Finally, ‘slow waves’ reach seismographs, which are prolonged rumble – much like the waves triggered at Mayotte.
These signals seemed to propagate without a triggering earthquake – and that wasn’t all that baffled scientists.
Earthquake experts on Twitter debated over what could have caused the seismic waves. The Twitter thread pictured first revealed the strange phenomenon on the morning of November 11. Scientists and earthquake enthusiasts alike worked to narrow it down
The waves were monochromatic, meaning it did not send out a bundle of frequencies, like most earthquakes.
Instead, the zigzagging pattern it produced was primarily made up of one type of wave, which took 17 seconds to repeat.
University of Plymouth Geology Graduate and founder of UK Earthquake Bulletin Jamie Gurney said he had ‘no idea if a similar global signal of this nature has ever been observed’.
Scientists are working to understand what spurred the mysterious waves on that day.
So far, many suspect they’re related to an ongoing seismic swarm in the region that began last May.
Hundreds of small quakes have hit the region during that time, with the largest reaching magnitude 5.8 on May 15.
But even then, there was no corresponding earthquake on November 11.
HOW ARE EARTHQUAKES MEASURED?
Earthquakes are detected by tracking the size, or magnitude, and intensity of the shock waves they produce, known as seismic waves.
The magnitude of an earthquake differs from its intensity.
The magnitude of an earthquake refers to the measurement of energy released where the earthquake originated.
Magnitude is calculated based on measurements on seismographs.
The intensity of an earthquake refers to how strong the shaking that is produced by the sensation is.
A 5.3 magnitude earthquake hit the Channel Islands off the coast of southern California on Thursday at 10.30am
According to the United States Geological Survey, ‘intensity is determined from the effects on people, human structures and the natural environment’.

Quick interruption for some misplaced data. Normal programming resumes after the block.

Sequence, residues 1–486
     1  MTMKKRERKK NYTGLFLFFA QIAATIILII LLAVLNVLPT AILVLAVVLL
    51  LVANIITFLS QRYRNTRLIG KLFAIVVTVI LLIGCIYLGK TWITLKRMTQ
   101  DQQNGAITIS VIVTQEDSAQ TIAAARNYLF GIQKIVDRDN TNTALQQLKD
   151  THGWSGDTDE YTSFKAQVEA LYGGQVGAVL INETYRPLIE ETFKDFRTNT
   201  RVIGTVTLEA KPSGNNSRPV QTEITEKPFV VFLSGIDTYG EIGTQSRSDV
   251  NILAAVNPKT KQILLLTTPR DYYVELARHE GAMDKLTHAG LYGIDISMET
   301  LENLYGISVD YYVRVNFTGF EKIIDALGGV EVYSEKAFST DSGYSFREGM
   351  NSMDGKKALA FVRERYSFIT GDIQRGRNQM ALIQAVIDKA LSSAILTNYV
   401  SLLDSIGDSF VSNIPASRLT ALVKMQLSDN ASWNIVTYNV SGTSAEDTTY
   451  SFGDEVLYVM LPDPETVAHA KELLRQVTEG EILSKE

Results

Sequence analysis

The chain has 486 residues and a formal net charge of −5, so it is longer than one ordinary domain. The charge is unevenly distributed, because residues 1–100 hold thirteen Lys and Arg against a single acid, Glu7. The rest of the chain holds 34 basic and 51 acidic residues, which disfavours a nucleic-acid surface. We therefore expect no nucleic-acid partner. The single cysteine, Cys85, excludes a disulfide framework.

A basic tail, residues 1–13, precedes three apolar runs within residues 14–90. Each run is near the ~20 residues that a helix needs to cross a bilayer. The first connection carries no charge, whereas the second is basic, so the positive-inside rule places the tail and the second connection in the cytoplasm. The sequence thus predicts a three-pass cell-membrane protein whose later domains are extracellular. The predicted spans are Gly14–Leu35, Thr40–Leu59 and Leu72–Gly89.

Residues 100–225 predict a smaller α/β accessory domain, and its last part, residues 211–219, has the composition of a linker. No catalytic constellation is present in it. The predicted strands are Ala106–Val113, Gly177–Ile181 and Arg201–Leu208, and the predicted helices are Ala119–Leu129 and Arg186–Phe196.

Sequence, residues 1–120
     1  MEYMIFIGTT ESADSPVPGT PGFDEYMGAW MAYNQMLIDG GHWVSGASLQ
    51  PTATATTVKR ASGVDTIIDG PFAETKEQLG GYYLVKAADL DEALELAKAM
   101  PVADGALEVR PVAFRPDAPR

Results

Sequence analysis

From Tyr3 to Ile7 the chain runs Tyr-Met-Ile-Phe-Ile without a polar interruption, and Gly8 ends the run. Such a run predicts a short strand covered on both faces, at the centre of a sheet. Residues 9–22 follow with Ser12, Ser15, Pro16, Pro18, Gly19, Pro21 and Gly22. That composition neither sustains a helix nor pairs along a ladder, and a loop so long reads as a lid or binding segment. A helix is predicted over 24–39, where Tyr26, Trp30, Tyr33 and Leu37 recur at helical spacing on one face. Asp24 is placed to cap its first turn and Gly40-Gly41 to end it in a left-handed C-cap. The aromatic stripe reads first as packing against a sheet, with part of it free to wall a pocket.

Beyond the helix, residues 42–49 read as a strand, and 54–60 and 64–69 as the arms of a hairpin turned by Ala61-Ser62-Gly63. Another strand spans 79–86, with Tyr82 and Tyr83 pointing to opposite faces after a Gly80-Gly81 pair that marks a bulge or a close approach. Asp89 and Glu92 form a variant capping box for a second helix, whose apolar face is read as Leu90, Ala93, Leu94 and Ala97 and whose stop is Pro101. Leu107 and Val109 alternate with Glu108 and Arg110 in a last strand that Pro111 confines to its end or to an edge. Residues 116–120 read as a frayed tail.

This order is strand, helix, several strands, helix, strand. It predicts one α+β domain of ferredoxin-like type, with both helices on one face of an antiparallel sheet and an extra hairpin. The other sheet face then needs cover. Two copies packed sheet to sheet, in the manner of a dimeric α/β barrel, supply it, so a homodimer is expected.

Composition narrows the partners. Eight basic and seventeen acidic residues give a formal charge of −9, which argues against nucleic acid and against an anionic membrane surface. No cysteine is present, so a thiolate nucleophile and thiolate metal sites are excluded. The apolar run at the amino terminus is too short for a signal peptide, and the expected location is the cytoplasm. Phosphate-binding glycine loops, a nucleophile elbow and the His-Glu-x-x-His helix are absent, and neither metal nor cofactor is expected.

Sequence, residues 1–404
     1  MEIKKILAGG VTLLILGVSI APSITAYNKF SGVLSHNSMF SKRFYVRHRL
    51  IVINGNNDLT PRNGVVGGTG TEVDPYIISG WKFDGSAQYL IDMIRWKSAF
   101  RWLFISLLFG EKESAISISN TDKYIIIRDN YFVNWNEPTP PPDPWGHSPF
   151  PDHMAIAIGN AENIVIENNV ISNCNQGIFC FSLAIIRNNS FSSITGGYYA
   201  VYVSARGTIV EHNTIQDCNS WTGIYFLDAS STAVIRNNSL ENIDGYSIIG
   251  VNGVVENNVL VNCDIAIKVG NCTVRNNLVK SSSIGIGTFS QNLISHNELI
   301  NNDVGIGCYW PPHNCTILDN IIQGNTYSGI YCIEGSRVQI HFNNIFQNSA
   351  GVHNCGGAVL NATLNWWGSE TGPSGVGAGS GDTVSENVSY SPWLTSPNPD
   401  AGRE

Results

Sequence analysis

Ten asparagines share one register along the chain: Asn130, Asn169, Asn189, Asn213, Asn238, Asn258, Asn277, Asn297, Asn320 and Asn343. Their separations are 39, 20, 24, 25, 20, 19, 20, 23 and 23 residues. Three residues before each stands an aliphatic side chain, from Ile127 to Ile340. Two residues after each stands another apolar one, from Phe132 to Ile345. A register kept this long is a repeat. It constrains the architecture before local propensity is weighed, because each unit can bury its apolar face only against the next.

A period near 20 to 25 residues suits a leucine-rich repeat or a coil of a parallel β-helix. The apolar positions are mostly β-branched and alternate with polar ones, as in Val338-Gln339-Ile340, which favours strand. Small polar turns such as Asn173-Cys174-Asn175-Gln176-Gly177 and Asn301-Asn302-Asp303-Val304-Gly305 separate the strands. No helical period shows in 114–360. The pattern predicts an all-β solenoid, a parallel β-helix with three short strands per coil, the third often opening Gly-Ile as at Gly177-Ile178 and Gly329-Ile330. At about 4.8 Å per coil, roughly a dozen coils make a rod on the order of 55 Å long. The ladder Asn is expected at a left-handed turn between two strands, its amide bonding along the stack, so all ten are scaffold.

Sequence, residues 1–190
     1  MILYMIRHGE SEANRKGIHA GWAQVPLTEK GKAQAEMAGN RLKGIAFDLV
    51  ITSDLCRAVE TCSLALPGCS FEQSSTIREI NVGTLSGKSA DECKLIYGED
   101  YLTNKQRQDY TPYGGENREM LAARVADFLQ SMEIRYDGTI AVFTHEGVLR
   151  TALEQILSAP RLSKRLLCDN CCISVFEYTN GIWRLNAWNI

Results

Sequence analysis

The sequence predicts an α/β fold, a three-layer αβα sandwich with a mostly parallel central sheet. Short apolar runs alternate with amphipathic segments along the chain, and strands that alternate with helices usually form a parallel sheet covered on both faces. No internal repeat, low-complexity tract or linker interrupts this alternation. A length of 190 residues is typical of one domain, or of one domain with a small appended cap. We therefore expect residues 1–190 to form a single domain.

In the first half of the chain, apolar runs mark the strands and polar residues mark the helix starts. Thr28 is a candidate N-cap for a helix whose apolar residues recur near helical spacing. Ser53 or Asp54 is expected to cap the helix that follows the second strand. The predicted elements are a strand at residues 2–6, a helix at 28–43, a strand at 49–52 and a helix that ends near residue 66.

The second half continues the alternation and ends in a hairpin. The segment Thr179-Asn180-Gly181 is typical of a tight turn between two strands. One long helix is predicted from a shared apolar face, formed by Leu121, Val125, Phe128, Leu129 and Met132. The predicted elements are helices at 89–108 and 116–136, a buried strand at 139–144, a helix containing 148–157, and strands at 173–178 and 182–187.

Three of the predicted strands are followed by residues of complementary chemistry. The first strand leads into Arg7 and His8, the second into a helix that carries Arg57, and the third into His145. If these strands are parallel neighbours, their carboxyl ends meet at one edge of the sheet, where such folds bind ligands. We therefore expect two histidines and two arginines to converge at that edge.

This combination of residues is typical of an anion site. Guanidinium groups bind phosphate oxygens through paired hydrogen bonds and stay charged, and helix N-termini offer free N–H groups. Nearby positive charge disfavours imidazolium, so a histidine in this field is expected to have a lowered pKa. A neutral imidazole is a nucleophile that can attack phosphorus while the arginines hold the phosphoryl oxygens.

Earthquakes originate below the surface of the earth in a region called the hypocenter.
During an earthquake, one part of a seismograph remains stationary and one part moves with the earth’s surface.
The earthquake is then measured by the difference in the positions of the still and moving parts of the seismograph.
Researchers with the French Geological Survey (BRGM) say it could be a signal that magma beneath the volcanic island is shifting offshore.
Anthony Lomax, an independent seismology consultant, agrees.
He told MailOnline the shakes were ‘almost certainly’ caused by undersea activity, not very deep under the seafloor, to the northeast of Mayotte.
‘There has been ongoing low-level seismic activity there since May,’ Mr Lomax said.
‘Inflation/deflation and collapse of volcano calderas, and movement of magma under a volcano can produce a wide variety of seismic signals, including long period and repetitive waves like those observed November 11.’
Others say there may have been a ‘slow’ earthquake that simply went by unnoticed, or an underwater eruption.
The experts say the complex geology of the region further compounds the issue, potentially filtering some of the waves to make the clean signal, NatGeo reports.
Scientists plan to survey the ocean to find out any additional information that could help to explain the mysterious phenomenon.
But at this stage, the experts agree there’s just too much we don’t know to say what was really to blame.